District superintendents and assistant district superintendents may be removed from office, after hearing, by a majority vote of the board of school directors of the district, for neglect of duty, incompetency, intemperance, or immorality, of which hearing notice of at least one week has been sent by mail to the accused, as well as to each member of the board of school directors.

24 P.S. § 10-1080.   The Board responded that any rights appellant claimed to derive from Section 10-080 represented an unconstitutional restriction on the Board's authority under Article VI, Section 7. The issue was thus squarely joined.

Following oral argument on November 3, 2004, the trial court granted the Board's motion to dismiss.   The court found that appellant was a “civil officer” who was “appointed” to office within the meaning of Article VI, Section 7 and that the School Board was the power by which appellant was appointed.   The court further found that Section 10-1080 conflicted with Article VI, Section 7, that the constitutional provision controlled, and therefore that “[a]ny purported limitation on that removal power espoused in § 10-1080 of the Public School Code of 1949 constitutes an unconstitutional limitation on the School Board's removal power.”   Tr. Ct. Op. at 7 (citing South Newton Tp. Electors v. South Newton Tp. Supervisor, 575 Pa. 670, 838 A.2d 643 (2003)).   The court further found that the power constitutionally vested in a locally elected body to remove its civil officers at its pleasure left no possibility of judicial review, and therefore, the court lacked subject matter jurisdiction to entertain appellant's action.   Accordingly, the trial court granted the School Board's motion to dismiss, stating that the Board had the absolute right, pursuant to Article VI, Section 7, to remove appellant from his position as superintendent.

Appellant appealed to the Commonwealth Court.   The School Board filed a petition to remove the matter to this Court pursuant to 42 Pa.C.S. § 722(7), and on March 30, 2005, this Court noted probable jurisdiction.   Since the order below held that Section 10-1080 was unconstitutional, our direct review of it is secure.   See supra n. 1.

 Appellant presents two issues for review:  (1) whether the trial court properly concluded that Section 10-1080 of the Public School Code of 1949 is unconstitutional because Article VI, Section 7 of the Pennsylvania Constitution grants an elected school board exclusive authority to remove its appointed superintendent at its pleasure;  and (2) whether appellant had a property right arising out of his legitimate expectation of continued employment.   The first issue involves the constitutionality of a statutory enactment.   A challenge to the constitutionality of legislation poses a question of law, and thus, our review is plenary and non-deferential.   Pennsylvania Turnpike Commission v. Commonwealth, 587 Pa. 347, 899 A.2d 1085, 1094 (2006), citing Harrisburg School District v. Zogby, 574 Pa. 121, 828 A.2d 1079, 1088 (2003);  Purple Orchid, Inc. v. Pa. State Police, 572 Pa. 171, 813 A.2d 801, 805 (2002);  Pennsylvania Sch. Bds. Ass'n v. Commonwealth Ass'n of Sch. Adm'rs, Teamsters Local 502, 569 Pa. 436, 805 A.2d 476, 479 (2002).   We follow the presumption that legislation duly enacted by the General Assembly and signed into law by the Governor is valid;  accordingly, we will not declare a statute unconstitutional unless it clearly, palpably and plainly violates the Constitution.  Id., citing Commonwealth v. Mockaitis, 575 Pa. 5, 834 A.2d 488, 497 (2003);  Purple Orchid, 813 A.2d at 805;  Commonwealth v. Cotto, 562 Pa. 32, 753 A.2d 217, 219 (2000).   See also 1 Pa.C.S. § 1922(3).   The party challenging the constitutionality of a statute bears a heavy burden of persuasion.  Id., citing Zogby, 828 A.2d at 1087-88;  Commonwealth, Dept. of Transp. v. McCafferty, 563 Pa. 146, 758 A.2d 1155, 1160 (2000).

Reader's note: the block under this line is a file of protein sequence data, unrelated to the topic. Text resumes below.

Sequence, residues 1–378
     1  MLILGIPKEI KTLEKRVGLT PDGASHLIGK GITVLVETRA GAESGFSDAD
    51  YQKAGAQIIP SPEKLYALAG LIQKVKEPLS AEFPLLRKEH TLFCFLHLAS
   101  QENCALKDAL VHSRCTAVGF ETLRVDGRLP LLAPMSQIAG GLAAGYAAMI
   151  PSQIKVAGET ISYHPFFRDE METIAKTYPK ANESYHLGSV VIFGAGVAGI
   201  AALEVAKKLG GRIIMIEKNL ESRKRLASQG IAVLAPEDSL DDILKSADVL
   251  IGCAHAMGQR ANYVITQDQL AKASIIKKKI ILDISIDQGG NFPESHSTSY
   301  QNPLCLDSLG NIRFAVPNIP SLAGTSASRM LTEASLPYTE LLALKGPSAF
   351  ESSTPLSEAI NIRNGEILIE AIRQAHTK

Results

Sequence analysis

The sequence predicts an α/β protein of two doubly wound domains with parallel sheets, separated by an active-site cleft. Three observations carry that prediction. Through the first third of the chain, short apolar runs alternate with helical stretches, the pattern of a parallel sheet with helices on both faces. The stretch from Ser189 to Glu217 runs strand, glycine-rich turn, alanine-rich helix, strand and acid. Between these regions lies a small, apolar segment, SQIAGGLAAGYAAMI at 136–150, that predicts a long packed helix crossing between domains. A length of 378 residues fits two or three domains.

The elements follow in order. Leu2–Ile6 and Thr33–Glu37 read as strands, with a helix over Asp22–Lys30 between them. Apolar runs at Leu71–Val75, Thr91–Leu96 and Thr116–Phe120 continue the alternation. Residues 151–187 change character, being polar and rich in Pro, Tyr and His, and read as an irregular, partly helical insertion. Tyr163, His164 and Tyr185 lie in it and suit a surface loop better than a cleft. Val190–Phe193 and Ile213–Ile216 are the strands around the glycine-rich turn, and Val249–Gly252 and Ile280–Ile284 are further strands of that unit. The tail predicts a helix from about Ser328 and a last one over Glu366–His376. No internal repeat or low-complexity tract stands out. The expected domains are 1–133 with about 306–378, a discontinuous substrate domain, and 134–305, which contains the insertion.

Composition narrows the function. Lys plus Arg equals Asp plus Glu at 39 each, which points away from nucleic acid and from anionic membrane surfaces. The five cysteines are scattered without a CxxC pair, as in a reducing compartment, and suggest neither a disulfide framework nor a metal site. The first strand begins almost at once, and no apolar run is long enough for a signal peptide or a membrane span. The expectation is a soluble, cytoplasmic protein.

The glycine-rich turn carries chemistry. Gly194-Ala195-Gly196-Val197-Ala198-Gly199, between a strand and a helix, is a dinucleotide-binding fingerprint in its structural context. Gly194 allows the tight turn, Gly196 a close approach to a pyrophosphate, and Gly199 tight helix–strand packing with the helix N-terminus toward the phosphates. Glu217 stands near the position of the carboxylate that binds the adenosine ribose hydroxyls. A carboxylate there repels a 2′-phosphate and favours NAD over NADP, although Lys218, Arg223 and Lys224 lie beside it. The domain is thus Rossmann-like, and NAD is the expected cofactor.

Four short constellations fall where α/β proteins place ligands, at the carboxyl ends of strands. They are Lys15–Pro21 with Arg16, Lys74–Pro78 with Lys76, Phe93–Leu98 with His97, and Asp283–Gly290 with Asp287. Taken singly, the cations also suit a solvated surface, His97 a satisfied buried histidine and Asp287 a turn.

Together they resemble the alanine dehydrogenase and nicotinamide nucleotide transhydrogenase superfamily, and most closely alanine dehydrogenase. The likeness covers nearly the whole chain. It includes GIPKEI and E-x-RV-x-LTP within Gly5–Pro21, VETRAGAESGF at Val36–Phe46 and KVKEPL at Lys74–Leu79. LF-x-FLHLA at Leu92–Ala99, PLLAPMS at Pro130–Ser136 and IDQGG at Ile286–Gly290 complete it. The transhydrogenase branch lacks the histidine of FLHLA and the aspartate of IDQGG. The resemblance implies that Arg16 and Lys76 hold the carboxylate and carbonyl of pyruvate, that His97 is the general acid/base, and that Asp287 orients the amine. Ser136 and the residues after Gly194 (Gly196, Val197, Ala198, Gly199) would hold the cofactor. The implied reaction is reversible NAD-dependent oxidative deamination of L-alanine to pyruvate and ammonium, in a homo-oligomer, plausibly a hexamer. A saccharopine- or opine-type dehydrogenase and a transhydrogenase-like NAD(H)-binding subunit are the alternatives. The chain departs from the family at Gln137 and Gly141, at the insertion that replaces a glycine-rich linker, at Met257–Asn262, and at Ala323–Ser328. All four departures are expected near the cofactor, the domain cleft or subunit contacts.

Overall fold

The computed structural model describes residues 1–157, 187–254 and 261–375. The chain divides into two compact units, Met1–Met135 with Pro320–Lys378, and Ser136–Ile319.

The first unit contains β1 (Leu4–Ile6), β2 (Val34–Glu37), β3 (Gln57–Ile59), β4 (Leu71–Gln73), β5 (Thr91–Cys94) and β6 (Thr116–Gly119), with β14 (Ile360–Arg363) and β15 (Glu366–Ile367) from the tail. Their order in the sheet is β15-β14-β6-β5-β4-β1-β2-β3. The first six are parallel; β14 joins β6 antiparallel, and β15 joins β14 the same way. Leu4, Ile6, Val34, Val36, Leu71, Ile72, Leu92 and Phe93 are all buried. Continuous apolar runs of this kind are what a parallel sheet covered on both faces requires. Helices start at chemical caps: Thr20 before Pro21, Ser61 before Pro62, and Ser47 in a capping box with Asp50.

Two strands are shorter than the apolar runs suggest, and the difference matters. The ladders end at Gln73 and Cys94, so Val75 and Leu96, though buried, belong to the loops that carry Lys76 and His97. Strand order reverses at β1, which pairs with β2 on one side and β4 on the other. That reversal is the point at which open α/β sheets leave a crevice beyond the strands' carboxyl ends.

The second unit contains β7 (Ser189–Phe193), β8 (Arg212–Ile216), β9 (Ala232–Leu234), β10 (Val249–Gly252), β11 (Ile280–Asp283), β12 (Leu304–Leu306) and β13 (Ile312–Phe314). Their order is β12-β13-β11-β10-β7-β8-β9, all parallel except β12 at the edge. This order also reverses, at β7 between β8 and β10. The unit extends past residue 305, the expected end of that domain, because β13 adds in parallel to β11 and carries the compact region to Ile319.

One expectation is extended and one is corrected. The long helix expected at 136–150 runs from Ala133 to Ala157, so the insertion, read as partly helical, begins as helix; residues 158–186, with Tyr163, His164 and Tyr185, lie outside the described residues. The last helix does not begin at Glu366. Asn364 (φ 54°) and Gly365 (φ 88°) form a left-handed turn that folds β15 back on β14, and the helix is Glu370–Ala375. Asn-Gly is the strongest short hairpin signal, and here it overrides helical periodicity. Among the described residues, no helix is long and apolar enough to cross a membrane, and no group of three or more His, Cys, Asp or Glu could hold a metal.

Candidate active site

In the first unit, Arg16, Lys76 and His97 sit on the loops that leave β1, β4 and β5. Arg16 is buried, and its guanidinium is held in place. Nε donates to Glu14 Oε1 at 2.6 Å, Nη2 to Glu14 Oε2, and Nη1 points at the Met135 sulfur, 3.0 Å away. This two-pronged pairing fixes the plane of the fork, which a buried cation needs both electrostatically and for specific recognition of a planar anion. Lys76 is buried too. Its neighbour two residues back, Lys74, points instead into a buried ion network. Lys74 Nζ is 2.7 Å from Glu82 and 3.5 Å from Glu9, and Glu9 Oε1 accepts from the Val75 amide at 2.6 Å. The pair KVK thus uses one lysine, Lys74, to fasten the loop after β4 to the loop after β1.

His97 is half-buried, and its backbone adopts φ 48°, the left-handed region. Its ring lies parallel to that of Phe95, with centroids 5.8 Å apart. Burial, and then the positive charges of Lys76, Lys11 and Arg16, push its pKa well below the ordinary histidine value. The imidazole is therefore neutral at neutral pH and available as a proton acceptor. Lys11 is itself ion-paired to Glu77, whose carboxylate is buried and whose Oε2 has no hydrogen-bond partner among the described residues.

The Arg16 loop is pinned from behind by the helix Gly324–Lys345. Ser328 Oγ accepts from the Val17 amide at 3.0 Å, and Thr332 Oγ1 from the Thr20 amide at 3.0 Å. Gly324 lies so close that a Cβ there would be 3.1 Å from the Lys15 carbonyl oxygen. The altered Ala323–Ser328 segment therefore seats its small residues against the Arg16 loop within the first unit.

Appellant argues that the trial court's determination that Section 10-1080 conflicts with Article VI, Section 7 is in error.   Citing Weiss v. Ziegler, 327 Pa. 100, 193 A. 642 (1937), appellant contends that this Court must read the constitutional provision in combination with Section 10-1080 and conclude that, because the position of school superintendent itself is one created by an Act of the General Assembly, the legislature may also provide conditions for the removal of a superintendent.   Appellant distinguishes on factual bases the cases the trial court relied upon in concluding that appellant was removable at the School Board's pleasure.   See South Newton Tp. Electors, 575 Pa. 670, 838 A.2d 643 (removal of township supervisor, who was elected rather than appointed);  Buell v. Union Tp. School Dist., 395 Pa. 567, 150 A.2d 852 (1959) (removal of officers of school board whose removal was governed by distinct section of School Code);  Suermann v. Hadley, 327 Pa. 190, 193 A. 645 (1937) (legislative enactment set up new system of operation thereby abolishing offices existing under old system).   The position of superintendent, appellant argues, is distinct from that of township supervisor or school board officer.   In appellant's view, the superintendent is unique even among school officials in that he neither has tenure nor is protected by collective bargaining.   Thus, in appellant's view, establishment of a mechanism under Section 10-1080 for removal was intended to provide some measure of job security to a school superintendent, a position which is an office of legislative creation.